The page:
Innistiogue in the early part of the century appears to have been dominated by the Deanes: at least one member of the family (0599, 0600, 0601, 0604, 0605, 0610) sat continuously from 1692 until 1768. However, there was an ongoing dispute over the control of the borough between the Deanes and the Fowneses (0812). It is recorded that:
On one occasion the clan [Deaneites], having mustered in force is said to have marched towards Innistiogue from the direction of Graigue in full battle array and determined to carry the borough by storm. However, at that time, no goodly bridge spanned the Nore at this point, and the staunch supporters of Sir William Fownes having by a grand stroke of generalship removed all the boats to the Innistiogue side of the river, the followers of the rival Knight were stopped short in the midst of their career, and were obliged to content themselves with assailing the enemy by showers of stones across the water, after the fashion of Homer's heroes. The foe no less heroically returned the compliment; volley after volley of stones flew across Nore's classic stream, but as the combatants were unable to come to close quarters, their ammunition was expended without any serious results, and the patience of the Deaneites having at length become exhausted, they retired 'boatless home' and the doughty Burghers of Innistiogue, in the Fownes interest, remained masters of the day.214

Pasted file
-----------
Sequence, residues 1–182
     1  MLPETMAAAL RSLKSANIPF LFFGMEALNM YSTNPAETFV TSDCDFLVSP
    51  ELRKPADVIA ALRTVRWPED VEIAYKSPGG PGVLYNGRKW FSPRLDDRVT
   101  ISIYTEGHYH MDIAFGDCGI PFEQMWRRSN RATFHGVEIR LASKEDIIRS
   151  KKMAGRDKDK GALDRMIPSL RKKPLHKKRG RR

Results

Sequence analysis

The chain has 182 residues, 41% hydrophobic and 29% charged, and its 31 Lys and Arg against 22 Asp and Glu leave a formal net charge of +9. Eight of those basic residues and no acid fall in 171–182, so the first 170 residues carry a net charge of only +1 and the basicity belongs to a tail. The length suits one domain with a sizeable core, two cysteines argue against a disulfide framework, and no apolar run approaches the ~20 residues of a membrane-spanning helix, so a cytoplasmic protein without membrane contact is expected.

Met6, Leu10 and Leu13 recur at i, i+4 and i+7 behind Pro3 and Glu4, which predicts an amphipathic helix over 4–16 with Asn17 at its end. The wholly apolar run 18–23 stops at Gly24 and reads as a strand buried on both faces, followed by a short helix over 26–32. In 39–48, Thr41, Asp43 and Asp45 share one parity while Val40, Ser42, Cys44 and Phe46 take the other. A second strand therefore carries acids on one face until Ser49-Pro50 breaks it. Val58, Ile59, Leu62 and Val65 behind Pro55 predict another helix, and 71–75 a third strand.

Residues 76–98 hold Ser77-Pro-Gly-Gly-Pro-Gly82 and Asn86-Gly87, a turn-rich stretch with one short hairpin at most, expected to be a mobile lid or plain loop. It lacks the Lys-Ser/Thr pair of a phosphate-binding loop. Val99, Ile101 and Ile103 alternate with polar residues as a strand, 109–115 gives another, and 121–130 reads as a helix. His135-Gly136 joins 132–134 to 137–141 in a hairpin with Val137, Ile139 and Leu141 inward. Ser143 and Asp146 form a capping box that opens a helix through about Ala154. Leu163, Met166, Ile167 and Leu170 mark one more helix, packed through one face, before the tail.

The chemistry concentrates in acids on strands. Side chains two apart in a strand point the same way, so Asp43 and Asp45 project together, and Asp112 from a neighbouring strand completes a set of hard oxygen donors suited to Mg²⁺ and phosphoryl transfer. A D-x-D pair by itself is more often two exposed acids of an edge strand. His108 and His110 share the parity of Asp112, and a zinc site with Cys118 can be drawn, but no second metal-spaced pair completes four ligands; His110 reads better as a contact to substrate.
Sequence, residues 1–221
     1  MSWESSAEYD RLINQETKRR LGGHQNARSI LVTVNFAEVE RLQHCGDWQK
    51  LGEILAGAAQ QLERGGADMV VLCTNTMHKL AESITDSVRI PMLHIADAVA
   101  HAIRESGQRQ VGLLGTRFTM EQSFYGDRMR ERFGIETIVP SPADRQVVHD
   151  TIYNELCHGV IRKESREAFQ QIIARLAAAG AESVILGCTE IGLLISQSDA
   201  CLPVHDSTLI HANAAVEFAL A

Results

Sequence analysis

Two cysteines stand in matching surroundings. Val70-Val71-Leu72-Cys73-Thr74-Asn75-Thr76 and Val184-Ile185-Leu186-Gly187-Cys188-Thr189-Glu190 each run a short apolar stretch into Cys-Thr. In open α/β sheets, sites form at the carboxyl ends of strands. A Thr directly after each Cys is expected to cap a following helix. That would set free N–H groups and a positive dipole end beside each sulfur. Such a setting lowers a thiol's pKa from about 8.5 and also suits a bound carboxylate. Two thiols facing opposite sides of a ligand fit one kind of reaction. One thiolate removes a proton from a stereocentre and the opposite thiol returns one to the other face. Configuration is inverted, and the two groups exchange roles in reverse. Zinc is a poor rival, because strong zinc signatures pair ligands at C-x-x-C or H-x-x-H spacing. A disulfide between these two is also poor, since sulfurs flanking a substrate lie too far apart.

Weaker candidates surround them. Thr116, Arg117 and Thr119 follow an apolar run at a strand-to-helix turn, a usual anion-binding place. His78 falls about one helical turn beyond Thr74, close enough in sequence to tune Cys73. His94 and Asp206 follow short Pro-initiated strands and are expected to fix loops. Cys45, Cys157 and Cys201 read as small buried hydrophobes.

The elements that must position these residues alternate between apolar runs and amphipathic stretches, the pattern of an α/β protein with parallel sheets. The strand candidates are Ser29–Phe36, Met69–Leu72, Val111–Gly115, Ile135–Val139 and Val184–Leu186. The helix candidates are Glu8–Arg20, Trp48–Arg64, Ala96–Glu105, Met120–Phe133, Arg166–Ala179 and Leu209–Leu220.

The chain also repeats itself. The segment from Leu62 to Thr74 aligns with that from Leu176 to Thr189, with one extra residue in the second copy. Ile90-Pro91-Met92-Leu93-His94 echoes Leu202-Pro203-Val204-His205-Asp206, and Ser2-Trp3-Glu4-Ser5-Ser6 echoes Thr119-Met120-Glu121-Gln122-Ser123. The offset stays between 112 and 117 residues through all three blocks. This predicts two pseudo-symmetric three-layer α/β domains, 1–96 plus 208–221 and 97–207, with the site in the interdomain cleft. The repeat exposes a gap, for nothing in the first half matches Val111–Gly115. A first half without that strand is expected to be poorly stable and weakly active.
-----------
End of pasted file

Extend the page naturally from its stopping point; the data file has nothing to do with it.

Sir William undoubtedly strengthened his position when, in 1739, he married Elizabeth, the daughter of Brabazon Ponsonby. He appears to have further increased his hold on the borough about 1754 when 35 people were elected freemen; as residence was no longer required, they included many far-away freemen, for instance Shapland Carew of Waterford and James Smyth of Limerick. In 1755 a further 80 freemen were elected. The Deanes appear to have quarrelled among themselves, as in 1759 Joseph Deane Sr and Joseph Deane Jr stood against each other for portreeve, which Deane Jr won by a large majority. Then from 1761 to 1769 Sir William Fownes was portreeve, and this probably marks his final triumph. There may also have been a financial element in Fownes' triumph, as in 1756 he complained that 'Ned Deane' (0601) had promised to give Fownes the borough and Fownes had maintained his family and him for a long time. Then Deane had allowed himself to be arrested for debt and refused to vote for Fownes unless paid £800.215
On Sir William's death in 1778 the borough was inherited by his heiress daughter, Sarah, who had married William Tighe (2072); their son, William (2073), received the £15,000 compensation for the disfranchisement of the borough at the Union.